Doing large studies of marijuana's potential as medicine means getting it removed from an official federal list of substances with no official medical use—which requires more proof of its potential as medicine.
Medical marijuana is now available in 28 states. But a big obstacle to research on marijuana as medicine is that it’s listed by the federal government on what’s called Schedule I. Assignment to Schedule I means that the Food and Drug Administration does not recognize a legitimate medical purpose to a substance.
At a session on medical marijuana at the annual meeting of the American Association for the Advancement of Science on February 19th, I asked researcher Ryan Vandrey, of the Johns Hopkins University School of Medicine, about getting marijuana off of the list of Schedule I substances.
RV: “Well, it can’t come off of Schedule I to a different schedule until the traditional drug development work has been done, and I don’t think the traditional drug development work really can be done while it’s Schedule I. It just makes large Phase III trials in hospital-based programs near impossible.”
SM: “So it’s a catch-22.”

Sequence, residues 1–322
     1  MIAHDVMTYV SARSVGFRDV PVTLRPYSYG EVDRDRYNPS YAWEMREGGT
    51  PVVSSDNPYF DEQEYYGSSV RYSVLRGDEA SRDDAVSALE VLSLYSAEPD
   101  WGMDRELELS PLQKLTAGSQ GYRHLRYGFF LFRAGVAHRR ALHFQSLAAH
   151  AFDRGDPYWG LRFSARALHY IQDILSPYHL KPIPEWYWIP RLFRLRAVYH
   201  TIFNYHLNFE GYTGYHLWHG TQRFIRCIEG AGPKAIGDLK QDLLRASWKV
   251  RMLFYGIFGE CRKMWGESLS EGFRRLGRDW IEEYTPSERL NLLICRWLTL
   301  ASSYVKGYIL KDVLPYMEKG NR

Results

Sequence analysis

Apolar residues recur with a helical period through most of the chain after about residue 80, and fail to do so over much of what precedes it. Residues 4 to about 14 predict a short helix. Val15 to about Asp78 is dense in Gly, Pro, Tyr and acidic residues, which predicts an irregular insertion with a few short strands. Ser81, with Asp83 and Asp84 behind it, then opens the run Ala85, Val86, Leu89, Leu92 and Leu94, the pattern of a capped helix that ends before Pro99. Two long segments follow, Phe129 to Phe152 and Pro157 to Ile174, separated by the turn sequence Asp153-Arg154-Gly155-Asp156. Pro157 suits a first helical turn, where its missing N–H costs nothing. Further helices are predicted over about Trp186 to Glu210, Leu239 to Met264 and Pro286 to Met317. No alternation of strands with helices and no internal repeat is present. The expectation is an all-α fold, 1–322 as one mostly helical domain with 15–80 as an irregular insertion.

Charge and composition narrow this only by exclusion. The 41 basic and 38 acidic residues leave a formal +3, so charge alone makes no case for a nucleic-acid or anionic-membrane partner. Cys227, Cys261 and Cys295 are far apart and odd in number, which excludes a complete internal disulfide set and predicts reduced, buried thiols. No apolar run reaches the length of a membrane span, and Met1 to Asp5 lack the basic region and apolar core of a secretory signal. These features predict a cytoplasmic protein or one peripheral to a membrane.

RV: “It’s a catch-22. So I think the only way to really get around that is kinda two paths. One, you just unscheduled it completely. Alcohol is not scheduled, for example, so that’s the pathway that some of the states have gone, just making it available. Or treating is as like a botanical, herbal product. The other way would be to kinda wait until we get more targeted, specific products. So not whole plant cannabis, but maybe more specific formulations with specific cannabinoid profiles, would be the other way.”
SM: “Your life would be easier with it off?”
RV: “Oh, absolutely. [laughs] Without a doubt. And just to clarify, the limitations that we have in doing research is that we are limited to doing research with products that are available through the federal drug supply program. They have quite a bit, but they don’t have everything. And then the limitation is even using their product we have to go through extra levels of regulatory scrutiny and experience substantial delays in doing our research.”
[The above text is a transcript of this podcast.]